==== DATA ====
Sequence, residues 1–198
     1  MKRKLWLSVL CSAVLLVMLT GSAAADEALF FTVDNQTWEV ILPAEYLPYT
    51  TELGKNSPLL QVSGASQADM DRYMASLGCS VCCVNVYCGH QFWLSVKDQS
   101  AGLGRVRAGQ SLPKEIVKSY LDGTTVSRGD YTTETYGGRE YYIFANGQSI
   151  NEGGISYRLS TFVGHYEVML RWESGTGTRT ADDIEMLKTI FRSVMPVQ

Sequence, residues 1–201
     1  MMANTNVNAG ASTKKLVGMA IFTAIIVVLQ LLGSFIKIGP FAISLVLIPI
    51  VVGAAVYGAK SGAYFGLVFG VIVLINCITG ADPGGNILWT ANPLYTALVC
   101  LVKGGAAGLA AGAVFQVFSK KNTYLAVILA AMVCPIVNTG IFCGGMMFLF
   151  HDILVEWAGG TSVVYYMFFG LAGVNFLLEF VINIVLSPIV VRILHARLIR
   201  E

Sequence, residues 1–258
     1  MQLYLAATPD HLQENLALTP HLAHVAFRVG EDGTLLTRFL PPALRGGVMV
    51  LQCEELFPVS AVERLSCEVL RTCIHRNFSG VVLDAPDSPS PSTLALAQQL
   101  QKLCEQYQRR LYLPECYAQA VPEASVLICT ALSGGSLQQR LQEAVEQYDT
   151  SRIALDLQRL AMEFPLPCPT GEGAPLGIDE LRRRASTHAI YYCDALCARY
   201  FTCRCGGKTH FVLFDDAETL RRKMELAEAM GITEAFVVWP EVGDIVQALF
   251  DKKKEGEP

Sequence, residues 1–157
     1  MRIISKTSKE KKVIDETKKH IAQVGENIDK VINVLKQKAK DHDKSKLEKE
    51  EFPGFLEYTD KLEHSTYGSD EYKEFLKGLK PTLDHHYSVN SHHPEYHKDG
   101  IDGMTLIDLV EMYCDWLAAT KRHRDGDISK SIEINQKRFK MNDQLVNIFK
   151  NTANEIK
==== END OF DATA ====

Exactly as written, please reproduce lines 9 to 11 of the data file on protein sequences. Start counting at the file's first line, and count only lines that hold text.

   101  LVKGGAAGLA AGAVFQVFSK KNTYLAVILA AMVCPIVNTG IFCGGMMFLF
   151  HDILVEWAGG TSVVYYMFFG LAGVNFLLEF VINIVLSPIV VRILHARLIR
   201  E